Vaccination becomes more urgent as new variants of the coronavirus spread through the US

Vaccination becomes more urgent as new variants of the coronavirus spread through the US

© Copyright (c) 2021 Telemundo.
Vaccination becomes more urgent as new variants of the coronavirus spread through the US

Telemundo News

Three variants of the coronavirus have been detected in the United States that have increased the urgency of achieving herd immunity through vaccination. These strains, originally identified in the UK, South Africa, and Brazil, are of concern to scientists because spread faster, which could lead to a greater number of infections and saturation of health services.

However, the path to herd immunity seems long. The vaccines are effective against the newer variants, but to a lesser extent. Added to this is the skepticism of an important part of the population, which refuses to be vaccinated.

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A study A recent report by Moderna and scientists from the National Institutes of Health shows that the antibodies generated by the vaccine are less effective with the variant identified in South Africa.

The Pharmaceutical Johnson & Johnson reported that its vaccine is effective in reducing severe cases of COVID-19 by 85%. However, that effectiveness decreased to 57% in South America and 66% in Latin America, where new strains of the virus have been detected.

“We are very concerned,” Francis Collins, director of the National Institutes of Health, told The Washington Post. “All it will take is a couple more mutations, and we’re really going to have to start worrying.”

The Novavax company, in its clinical trial of the vaccine with more than 15,000 participants, found 95.6% effectiveness against the virus. However, he reported that the effectiveness was notably lower against the variant detected in South Africa, which appeared to bypass the natural immunity of volunteers who had already been infected with the common strain of the coronavirus.

“That’s something I haven’t seen before,” Collins told The Washington Post. “It is (a discovery) very tentative, and the numbers are not huge, but I would be alarmed if a natural infection. . . was not sufficient to provide immunity. “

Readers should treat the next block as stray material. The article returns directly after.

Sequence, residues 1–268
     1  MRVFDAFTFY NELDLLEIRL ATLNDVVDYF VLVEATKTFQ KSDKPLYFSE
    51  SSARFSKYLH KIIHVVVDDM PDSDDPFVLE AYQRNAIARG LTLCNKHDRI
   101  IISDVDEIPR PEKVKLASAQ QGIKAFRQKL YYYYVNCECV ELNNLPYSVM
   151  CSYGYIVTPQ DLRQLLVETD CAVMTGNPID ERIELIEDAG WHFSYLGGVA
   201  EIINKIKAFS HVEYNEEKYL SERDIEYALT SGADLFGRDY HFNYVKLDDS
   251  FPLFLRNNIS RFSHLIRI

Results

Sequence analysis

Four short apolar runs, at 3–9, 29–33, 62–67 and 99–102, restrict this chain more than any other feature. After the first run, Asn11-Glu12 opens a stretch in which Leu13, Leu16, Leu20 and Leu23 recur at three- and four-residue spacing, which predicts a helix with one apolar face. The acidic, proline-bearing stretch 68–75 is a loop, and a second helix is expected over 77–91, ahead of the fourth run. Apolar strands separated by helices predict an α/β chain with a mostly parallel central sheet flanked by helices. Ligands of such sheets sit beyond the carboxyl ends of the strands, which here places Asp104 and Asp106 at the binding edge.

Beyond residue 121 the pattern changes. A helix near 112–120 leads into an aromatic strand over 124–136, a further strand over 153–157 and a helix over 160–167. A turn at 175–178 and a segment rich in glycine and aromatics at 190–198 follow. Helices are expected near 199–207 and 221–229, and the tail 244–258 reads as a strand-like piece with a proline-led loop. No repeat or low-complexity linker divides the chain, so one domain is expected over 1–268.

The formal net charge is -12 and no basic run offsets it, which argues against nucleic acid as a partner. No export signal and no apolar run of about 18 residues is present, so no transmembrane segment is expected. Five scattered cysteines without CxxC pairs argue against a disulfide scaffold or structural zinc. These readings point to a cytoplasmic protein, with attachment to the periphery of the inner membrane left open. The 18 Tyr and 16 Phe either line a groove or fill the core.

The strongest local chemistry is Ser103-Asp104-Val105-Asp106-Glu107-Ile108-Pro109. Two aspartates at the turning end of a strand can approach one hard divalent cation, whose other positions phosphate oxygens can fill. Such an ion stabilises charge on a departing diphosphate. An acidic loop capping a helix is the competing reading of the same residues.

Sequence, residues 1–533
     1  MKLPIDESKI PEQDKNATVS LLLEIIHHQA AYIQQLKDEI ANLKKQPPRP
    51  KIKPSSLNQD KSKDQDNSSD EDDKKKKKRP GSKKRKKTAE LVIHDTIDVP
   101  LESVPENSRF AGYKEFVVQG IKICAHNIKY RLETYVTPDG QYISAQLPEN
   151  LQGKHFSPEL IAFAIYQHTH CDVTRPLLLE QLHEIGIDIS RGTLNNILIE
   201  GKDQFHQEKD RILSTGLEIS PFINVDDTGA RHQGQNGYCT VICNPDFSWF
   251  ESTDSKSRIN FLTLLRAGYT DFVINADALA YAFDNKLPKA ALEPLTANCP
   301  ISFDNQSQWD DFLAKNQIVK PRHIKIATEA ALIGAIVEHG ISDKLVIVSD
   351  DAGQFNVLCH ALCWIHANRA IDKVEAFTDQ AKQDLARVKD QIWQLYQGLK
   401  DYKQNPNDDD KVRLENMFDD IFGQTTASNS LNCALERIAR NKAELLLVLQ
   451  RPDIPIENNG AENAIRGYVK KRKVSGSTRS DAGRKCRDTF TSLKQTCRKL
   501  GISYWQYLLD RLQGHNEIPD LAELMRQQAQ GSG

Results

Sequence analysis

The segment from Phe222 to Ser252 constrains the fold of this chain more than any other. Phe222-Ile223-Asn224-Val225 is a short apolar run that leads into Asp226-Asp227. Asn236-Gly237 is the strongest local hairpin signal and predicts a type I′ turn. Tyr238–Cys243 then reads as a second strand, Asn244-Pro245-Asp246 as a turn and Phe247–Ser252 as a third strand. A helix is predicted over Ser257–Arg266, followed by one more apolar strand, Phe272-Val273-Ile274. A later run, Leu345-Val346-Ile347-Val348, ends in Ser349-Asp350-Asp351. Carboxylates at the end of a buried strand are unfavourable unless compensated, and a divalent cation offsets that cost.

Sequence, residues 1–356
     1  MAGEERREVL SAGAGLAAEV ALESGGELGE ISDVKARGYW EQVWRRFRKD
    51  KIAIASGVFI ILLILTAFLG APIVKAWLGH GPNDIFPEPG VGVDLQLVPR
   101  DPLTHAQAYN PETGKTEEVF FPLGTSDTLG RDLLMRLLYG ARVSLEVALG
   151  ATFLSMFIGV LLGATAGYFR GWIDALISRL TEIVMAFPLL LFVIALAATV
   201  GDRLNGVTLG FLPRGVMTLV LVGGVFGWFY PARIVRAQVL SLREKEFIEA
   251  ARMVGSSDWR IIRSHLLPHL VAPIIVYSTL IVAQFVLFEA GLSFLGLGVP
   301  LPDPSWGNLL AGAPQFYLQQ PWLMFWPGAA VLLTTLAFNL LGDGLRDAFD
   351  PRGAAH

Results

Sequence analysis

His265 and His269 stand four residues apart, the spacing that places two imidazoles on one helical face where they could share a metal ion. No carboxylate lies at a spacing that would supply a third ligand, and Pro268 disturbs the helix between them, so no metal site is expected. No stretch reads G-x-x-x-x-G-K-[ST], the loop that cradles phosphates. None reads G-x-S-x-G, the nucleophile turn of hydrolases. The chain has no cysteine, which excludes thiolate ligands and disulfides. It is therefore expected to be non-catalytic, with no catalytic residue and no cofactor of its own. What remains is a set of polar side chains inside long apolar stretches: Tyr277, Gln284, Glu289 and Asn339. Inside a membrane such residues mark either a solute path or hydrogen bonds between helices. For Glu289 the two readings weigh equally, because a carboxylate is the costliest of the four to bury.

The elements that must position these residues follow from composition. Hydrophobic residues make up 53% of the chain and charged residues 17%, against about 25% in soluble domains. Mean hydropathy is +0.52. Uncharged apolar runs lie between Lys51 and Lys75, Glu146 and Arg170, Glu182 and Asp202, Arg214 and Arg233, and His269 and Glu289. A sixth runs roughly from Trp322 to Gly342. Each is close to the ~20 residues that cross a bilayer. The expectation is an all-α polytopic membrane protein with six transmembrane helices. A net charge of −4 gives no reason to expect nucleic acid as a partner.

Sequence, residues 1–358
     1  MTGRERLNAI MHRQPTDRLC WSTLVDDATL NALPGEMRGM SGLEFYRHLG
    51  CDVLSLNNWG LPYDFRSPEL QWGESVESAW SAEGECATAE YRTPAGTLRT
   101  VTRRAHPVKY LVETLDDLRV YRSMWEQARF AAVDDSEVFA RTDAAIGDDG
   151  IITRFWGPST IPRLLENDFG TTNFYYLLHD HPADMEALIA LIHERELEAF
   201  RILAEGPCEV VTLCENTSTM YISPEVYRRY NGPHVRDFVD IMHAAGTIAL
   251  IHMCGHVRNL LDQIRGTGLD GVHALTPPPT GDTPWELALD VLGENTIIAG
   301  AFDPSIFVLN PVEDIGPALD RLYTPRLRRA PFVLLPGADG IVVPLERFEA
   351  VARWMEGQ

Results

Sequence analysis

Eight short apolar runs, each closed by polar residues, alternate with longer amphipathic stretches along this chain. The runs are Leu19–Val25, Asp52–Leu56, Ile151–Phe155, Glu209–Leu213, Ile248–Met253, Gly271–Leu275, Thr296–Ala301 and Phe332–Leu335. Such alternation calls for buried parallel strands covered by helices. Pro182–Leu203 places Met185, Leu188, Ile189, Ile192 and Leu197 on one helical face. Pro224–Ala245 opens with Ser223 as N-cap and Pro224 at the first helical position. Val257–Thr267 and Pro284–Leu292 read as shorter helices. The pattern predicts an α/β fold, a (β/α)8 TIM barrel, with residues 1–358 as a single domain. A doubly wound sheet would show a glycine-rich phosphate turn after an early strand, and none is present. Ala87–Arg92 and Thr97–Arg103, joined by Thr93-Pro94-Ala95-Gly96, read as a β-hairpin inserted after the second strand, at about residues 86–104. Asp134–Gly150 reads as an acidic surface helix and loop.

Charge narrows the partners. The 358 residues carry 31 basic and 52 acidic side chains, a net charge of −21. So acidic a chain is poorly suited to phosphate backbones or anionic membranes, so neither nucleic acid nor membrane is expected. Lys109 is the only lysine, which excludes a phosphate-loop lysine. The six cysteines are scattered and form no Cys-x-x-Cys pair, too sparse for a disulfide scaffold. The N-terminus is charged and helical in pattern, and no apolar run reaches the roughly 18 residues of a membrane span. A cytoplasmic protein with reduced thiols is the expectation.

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If these new, more transmissible variants become dominant, according to experts quoted by the newspaper, already it would not be enough to vaccinate 70% of the population to achieve herd immunity.

“The level of coverage needed for herd immunity would be higher, in the range of 80 to 85 percent,” Jay Butler, deputy director of infectious diseases at the Centers for Disease Control and Prevention (CDC), told The Washington Post.

No existing vaccine is 100% effective. Even if the current vaccines against COVID-19 do not have a very high effectiveness against the new variants, they will be extremely useful for the health systems of the countries thanks to the fact that prevent people from developing severe illness needing hospitalization.

“If you can keep people out of hospitals and morgues, that’s invaluable,” Paul Offit, a virologist and pediatrician at Children’s Hospital of Philadelphia, told The Washington Post.

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Offit added that mRNA vaccines, such as those from Pfizer and Moderna, can be rapidly adapted by scientists to combat new variants of the coronavirus.

The Food and Drug Administration (FDA) stands ready to expedite that process. According to Peter Marks, who heads the FDA’s vaccine division, drug companies will only need to do studies with hundreds, rather than thousands, of people to assess whether vaccines are effective.

In the presence of these virus mutations, it is more important that as many people as possible are vaccinated. But skepticism among the population prevails, putting the risk to achieve herd immunity.

According to centers and medical groups, half of the employees eligible to receive the vaccine rejected it. In Maryland and Washington DC, only 20% of those who work in nursing homes have agreed to get vaccinated.

Dr. Anthony Fauci, director of the National Institute of Allergy and Infectious Diseases, explained that the virus will have a greater chance of mutating in an unvaccinated population. “If you stop replication, the virus cannot mutate,” he explained.

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As vaccination progresses and virus variants spread, experts suggest that people wear two cotton masks or KN95 mask, taking care to ensure that these do not come from legitimate manufacturers.

It is also necessary that vaccinated people maintain their prevention measures, such as social distancing and hand washing.

With information from The Washington Post.

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